Eat with lots of good bread to mop up the sauce.

(Original recipe from Gather by Gill Meller, Quadrille, 2017.)

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Try this for a tasty weekend brunch dish. Serve with toasted sourdough for mopping.

Baked green eggs – serves 2

  • 100g baby spinach, roughly chopped
  • 4 tbsp fresh pesto
  • 100ml double cream
  • 1 tbsp finely grated gruyère
  • 2 eggs

Heat the oven to 200C/180C fan/gas 6.

Mix together the spinach, pesto, cream and some seasoning, and tip into 2 shallow ovenproof dishes.

Sprinkle the grated cheese over the top.

Create a hollow in each dish with a spoon, then gently break in the eggs. Bake the dishes in the oven for about 10 minutes or until the whites are set and the yolks are still runny.

(Original recipe from BBC Good Food)

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Mussels are a Friday night staple in our house, they’re such good value and sustainable too. We find a creamy, garlicky sauce hard to resist. You will need some fries or crusty bread to go alongside.

Wine Suggestion: It’s a while since we had Muscadet but mussels cried out for some, so Domaine de la Chauviniere’s signature Muscadet sür lie Sèvre et Maine was duly opened and thoroughly enjoyed. This wine is so reliable, plus not too expensive so you won’t mind using some in the dish too much.

Moules à la Crème – serves 4

  • 20g butter
  • 1 tbsp oil
  • 5 cloves of garlic, very finely chopped
  • 2 shallots, very finely chopped
  • 2-3 sprigs of thyme, leaves picked
  • 1 bay leaf
  • 1kg mussels, scrubbed
  • 350ml white wine
  • 75ml double cream
  • juice of ½ lemon
  • a large handful of flat-leaf parsley, finely chopped

Heat the butter and oil in a large frying pan, then add the garlic, shallots, thyme and bay leaf and cook gently for 5-8 minutes or until softened and starting to brown.

Add the mussels and wine, then cover and cook for a couple of minutes or until the mussels have opened. Strain the mussels over a bowl to catch the cooking liquid.

Return the liquid and bay leaf to the pan, bring to the boil and reduce by half. Add the cream, lemon and plenty of black pepper, then return the mussels and shallots to the pan and add the parsley. Put the lid back on and bring up to the boil for another minute. Serve in warm bowls with fries or crusty bread.

(Original recipe from Restore by Gizzi Erskine, HQ, 2020.)

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A Moroccan-inspired fish dish for mid-week. Some couscous and yoghurt on the side are good additions.

Wine Suggestion: this works well with Grenache Blanc and we’ve fallen in love with one from Terra Alta in the south of Catalonia made by Edetaria. As it’s mid-week, the basic and joyful “via Terra” Garnatxa Blanca with its perfume and balance af fresh and ripe fruit flavours is perfect.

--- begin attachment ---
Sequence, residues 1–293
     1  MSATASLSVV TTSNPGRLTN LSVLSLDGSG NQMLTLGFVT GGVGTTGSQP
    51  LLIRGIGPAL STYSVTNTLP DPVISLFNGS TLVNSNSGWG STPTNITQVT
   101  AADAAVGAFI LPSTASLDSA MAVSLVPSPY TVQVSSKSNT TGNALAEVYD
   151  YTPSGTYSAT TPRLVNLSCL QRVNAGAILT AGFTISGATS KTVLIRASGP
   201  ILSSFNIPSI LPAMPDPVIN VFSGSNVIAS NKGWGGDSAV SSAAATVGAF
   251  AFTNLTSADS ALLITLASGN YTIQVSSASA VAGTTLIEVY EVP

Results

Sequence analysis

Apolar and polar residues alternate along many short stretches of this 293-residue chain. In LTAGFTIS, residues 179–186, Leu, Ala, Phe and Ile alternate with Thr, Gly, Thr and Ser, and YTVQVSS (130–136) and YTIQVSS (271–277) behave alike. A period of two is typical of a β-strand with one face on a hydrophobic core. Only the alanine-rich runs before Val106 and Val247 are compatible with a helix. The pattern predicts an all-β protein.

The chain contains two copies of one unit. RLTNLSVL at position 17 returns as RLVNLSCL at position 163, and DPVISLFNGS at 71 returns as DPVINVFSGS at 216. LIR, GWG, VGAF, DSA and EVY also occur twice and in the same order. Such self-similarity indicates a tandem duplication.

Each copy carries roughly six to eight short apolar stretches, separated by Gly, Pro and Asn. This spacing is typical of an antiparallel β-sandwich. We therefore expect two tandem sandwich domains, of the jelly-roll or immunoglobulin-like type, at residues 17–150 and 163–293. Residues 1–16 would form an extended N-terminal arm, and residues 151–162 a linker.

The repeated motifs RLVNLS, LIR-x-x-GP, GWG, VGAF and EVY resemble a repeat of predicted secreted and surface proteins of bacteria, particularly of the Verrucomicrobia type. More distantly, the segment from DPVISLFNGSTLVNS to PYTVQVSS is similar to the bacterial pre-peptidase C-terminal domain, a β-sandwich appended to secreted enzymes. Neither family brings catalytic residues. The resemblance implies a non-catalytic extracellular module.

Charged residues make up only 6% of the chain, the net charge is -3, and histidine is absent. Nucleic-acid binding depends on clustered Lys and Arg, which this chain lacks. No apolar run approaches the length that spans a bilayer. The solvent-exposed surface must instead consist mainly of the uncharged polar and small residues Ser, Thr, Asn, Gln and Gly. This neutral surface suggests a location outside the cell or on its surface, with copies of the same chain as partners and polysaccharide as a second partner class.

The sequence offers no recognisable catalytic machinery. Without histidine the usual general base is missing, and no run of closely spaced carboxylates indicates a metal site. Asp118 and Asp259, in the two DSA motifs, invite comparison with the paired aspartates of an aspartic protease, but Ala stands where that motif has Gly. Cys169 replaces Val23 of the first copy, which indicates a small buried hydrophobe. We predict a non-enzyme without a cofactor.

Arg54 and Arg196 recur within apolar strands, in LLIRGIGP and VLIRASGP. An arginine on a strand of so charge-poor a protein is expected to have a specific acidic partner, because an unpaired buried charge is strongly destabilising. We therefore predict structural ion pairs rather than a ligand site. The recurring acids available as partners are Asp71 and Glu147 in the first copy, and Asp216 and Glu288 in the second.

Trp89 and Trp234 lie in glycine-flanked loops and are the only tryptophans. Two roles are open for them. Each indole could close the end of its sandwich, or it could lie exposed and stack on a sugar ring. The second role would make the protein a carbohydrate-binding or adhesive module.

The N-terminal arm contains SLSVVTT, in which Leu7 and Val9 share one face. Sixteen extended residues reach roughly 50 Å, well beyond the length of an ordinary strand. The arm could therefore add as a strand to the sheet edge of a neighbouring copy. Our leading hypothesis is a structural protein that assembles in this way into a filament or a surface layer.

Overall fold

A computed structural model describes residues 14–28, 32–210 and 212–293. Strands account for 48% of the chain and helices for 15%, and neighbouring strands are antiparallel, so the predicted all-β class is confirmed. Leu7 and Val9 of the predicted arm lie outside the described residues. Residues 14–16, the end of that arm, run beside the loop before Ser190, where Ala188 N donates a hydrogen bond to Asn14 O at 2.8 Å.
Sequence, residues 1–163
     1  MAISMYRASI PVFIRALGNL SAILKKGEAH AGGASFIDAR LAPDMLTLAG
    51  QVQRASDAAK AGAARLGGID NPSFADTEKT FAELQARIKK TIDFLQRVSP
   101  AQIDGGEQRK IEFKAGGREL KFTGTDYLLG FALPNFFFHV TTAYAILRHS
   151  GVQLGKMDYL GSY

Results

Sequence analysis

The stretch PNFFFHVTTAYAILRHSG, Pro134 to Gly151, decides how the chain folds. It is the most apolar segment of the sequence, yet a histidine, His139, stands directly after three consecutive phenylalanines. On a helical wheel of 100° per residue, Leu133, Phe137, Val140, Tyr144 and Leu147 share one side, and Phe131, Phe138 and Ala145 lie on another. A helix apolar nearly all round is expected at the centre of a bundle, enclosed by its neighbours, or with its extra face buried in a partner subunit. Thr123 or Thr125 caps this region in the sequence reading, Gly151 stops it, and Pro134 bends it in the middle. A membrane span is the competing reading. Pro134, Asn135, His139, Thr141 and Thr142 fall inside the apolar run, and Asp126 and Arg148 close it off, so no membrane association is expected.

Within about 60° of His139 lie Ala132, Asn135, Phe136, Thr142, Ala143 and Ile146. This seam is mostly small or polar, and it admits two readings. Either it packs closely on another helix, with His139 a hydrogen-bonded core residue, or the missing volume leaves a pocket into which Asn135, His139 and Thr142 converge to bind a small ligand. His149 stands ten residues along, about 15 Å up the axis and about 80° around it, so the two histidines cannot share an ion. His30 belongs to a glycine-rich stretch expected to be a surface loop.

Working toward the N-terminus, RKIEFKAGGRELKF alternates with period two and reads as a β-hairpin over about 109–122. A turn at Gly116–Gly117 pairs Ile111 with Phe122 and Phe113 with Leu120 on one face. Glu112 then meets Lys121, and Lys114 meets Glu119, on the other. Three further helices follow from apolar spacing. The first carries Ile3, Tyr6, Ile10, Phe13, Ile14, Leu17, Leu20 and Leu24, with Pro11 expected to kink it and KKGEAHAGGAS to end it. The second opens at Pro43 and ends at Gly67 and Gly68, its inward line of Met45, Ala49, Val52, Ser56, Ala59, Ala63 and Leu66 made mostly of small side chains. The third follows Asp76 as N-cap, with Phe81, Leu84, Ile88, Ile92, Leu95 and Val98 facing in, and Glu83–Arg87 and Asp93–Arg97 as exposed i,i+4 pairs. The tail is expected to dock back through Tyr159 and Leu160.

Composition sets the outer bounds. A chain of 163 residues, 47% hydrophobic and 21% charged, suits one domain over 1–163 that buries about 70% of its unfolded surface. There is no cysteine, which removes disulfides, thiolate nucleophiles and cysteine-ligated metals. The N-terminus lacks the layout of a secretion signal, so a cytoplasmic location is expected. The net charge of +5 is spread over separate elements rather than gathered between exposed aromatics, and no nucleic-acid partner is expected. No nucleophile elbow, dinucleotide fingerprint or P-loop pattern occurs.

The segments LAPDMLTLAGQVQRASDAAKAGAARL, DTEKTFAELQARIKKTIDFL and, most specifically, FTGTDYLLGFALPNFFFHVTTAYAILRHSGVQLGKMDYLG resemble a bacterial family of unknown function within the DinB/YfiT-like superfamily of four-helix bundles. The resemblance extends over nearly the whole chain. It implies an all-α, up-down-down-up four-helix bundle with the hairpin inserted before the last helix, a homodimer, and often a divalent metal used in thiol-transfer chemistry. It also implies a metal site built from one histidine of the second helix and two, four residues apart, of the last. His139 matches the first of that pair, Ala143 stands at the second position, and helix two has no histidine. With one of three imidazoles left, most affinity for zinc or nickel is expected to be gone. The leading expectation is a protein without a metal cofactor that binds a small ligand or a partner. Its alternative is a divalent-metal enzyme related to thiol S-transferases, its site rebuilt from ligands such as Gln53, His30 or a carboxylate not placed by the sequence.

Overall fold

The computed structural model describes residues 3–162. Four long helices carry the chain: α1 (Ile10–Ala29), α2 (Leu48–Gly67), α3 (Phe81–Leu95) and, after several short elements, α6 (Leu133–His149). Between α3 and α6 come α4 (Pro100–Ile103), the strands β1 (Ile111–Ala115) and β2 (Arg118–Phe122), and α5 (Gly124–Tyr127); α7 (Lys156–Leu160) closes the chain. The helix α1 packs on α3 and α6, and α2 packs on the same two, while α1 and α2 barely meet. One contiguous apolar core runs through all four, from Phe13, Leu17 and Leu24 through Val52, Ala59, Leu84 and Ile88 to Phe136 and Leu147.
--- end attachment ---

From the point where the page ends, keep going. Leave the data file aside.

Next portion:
Fish Tagine with Saffron & Almonds – serves 4

  • 1 tbsp olive oil
  • 1 onion, chopped
  • a good pinch of saffron
  • 600ml hot fish stock or chicken stock
  • 2 cloves of garlic, crushed
  • a thumb-sized piece of ginger, peeled and grated
  • ½ a green chilli, thinly sliced (keep the other half to serve)
  • 2 tsp ground cumin
  • 1 tsp ground coriander
  • 1 tsp cinnamon
  • 1 tbsp tomato purée
  • 10 cherry tomatoes, halved
  • 2 tbsp ground almonds
  • zest of 1 orange, juice of ½
  • 1 tbsp honey
  • 700g white fish, cut into large chunks, we used hake
  • a small bunch of coriander, chopped
  • a handful of flaked almonds, toasted
  • ½ green chilli, to serve

Heat the oil in a large pan. Add the onion and cook for a few minutes to soften.

Meanwhile, put the saffron in the hot stock and leave to steep.

Add the garlic, ginger and chilli to the pan and cook for another few minutes. Add the spices and tomato purée, stir for a few minutes until fragrant, then add the tomatoes, ground almonds, orange zest and juice, honey and saffron-stock. Simmer, uncovered, for 10 minutes, until the tomatoes have broken down and the sauce has thickened slightly.

Add the fish and nestle it well down into the sauce. Cover with a lid and simmer on a low heat for 2-3 minutes or until just cooked. Season to taste, then add the coriander and scatter with the toasted almonds. Scatter with the extra green chilli to serve.

(Original recipe from BBC Good Food)

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We’ve had limited success with prawn cakes in the past, they often fall apart. These are grilled which makes things much easier and the peanut chilli sauce is amazing!

Wine Suggestion: these call for a vibrant, youthful white like Weingut Korrell’s Weißer Burgunder (Pinot Blanc) which was full of charming pear and apple flavours with a zesty citrus twist that complemented the limes and fish sauce a treat.

Prawn cakes with peanut chilli sauce – serves 4 as a starter

  • 2 tbsp palm sugar or soft brown sugar
  • 3 cm piece of fresh ginger
  • a handful of coriander leaves, chopped
  • 3 small Thai shallots, thinly sliced
  • 1 long red chilli, diced
  • 400g raw peeled prawns
  • zest of 2 limes
  • 1 tbsp fish sauce
  • 3 tsp vegetable oil
  • chilled iceberg lettuce, to serve

FOR THE PEANUT CHILLI SAUCE:

  • 100g caster sugar
  • 100ml rice vinegar
  • 2 red chillies, diced
  • 2 tbsp peanuts, toasted, finely chopped
  • 2 small Thai shallots, chopped
  • 1 tbsp fish sauce
  • 1 tbsp coriander

Put the palm or brown sugar into a small frying pan with 1 tbsp of water. Mix together and bring to the boil, then remove from the heat.

To make the peanut chilli sauce, boil the sugar and vinegar in a small saucepan with a pinch of salt. Bring to a boil and simmer for about 5 minutes or until syrupy. Remove from the heat and leave to cool completely, then add the chilli, peanuts, shallot, fish sauce and coriander.